When the client is happy with how the sketches are looking, I take these and begin working up the illustrations in vector using Adobe Illustrator. Depending on the time allowed, there will be a few more rounds of feedback from the client before the final illustrations are approved.
Occasionally the final illustrations are then also animated by KITCHEN, an animation studio connected to my agents. In this part of the process I will direct the animators to make sure the animations look as good as possible while still answering the brief from the client.
Can you talk us through your latest projects?
I worked with Peligro Press, an independent publishing company based in Valencia, Spain run by illustrators Pedro Oyarbide and Lola Beltrán. I was invited to contribute to Megarides 2, their new book which features illustrations and interviews with 70 artists from around the world. My illustration was inspired by a cycling accident I had which left me with broken wrist and my drawing hand in a cast during a trial period at my first full time job.
Towards the end of last year I was commissioned by Creature London to create a series of illustrations to be used as social content for their client Naked Noodles. The creative brief asked me to use bright neon colours to complimented Naked Noodles brand colours and energetic illustrations influenced by street art and skateboard graphics. I loved working on these! This campaign was featured on renowned advertising showcase, campaignlive.co.uk .
Over the past year I have been collaborating with copy writer and creative director Zac Ellis (perviously at AMV and now freelance) and photographer Theo Cohen on a project we are calling Staycation. Zac took classic holiday destinations and combined them with the names of cities and towns around the U.K. to celebrate and encourage staying at home during the pandemic we have been facing. Theo then went out to the U.K location to shoot pictures, and I created lettering and Illustrations that accompanied them. The result was a set of postcards and posters now available through placeinprint.com under the collective name Staycation Nation.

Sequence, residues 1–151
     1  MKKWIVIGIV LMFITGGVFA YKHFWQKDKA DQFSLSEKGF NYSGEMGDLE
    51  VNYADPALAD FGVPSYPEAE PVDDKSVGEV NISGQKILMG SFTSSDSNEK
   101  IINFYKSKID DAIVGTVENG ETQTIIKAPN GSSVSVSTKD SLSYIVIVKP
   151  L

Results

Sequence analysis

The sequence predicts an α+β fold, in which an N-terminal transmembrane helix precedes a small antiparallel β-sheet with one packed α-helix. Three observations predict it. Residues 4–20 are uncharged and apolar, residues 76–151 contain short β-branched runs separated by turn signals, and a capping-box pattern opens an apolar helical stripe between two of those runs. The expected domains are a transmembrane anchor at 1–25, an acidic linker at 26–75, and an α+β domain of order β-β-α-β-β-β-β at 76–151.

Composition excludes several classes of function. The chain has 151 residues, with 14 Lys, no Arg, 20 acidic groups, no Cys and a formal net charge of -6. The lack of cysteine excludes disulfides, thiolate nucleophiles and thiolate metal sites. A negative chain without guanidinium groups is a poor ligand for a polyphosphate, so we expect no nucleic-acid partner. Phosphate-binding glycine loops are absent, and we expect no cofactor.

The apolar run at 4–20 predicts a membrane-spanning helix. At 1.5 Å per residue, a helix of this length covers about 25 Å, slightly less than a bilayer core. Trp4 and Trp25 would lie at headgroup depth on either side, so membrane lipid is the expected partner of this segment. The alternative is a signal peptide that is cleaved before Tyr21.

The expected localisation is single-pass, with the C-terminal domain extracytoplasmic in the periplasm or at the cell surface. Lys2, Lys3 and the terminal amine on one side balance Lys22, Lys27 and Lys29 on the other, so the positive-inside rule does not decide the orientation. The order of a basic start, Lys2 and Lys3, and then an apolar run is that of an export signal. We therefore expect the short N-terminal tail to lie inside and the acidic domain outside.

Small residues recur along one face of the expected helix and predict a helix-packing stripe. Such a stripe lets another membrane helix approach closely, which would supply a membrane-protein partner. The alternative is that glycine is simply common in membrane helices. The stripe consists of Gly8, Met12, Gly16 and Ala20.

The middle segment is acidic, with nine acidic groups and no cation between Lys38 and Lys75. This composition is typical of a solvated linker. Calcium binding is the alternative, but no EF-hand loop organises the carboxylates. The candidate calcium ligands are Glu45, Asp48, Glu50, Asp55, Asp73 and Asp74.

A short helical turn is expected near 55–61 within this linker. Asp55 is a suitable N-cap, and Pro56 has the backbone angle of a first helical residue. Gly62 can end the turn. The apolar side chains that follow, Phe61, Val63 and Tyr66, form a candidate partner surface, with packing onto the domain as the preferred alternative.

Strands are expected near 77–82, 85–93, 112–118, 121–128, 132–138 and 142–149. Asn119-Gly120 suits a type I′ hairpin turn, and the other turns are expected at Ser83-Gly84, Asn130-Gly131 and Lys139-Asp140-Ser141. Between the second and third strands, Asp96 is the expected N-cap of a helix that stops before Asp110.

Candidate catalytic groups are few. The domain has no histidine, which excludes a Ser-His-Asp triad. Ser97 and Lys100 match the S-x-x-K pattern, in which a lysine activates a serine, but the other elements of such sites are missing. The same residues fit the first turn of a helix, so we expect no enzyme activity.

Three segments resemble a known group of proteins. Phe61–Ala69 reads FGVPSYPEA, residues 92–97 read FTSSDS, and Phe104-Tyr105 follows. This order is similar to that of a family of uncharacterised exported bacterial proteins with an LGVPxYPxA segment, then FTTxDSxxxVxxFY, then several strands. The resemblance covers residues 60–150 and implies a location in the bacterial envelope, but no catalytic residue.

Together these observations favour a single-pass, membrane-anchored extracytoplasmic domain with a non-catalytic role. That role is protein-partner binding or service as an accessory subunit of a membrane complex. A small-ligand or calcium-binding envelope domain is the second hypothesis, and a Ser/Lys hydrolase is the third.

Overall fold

What’s been the most satisfying project that you’ve worked on to date?
I really enjoyed working on a commission I received from Lida (M&C Saatchi London) to create four illustrated and typographic posters for their client Costa Coffee. The campaign encouraged people to download Costa’s new app and in return offered a free coffee. These posters ran in Costa Coffee shops all over the U.K and in various other advertising spaces like billboards, bus stops and social media. KITCHEN did some awesome work animating the final posters. I’m very proud of the result and would love to do more work like this!
What are you currently fascinated by and how is it feeding into your work?
I’m really into character design at the moment. Its something I’m trying to introduce more of into my work, especially with the branding stuff. When I was at Uni I would do a lot of character work, but for some reason when I began working commercially I stopped doing it. I’m hoping that this year there will be some opportunity for me to reflex this muscle commercially.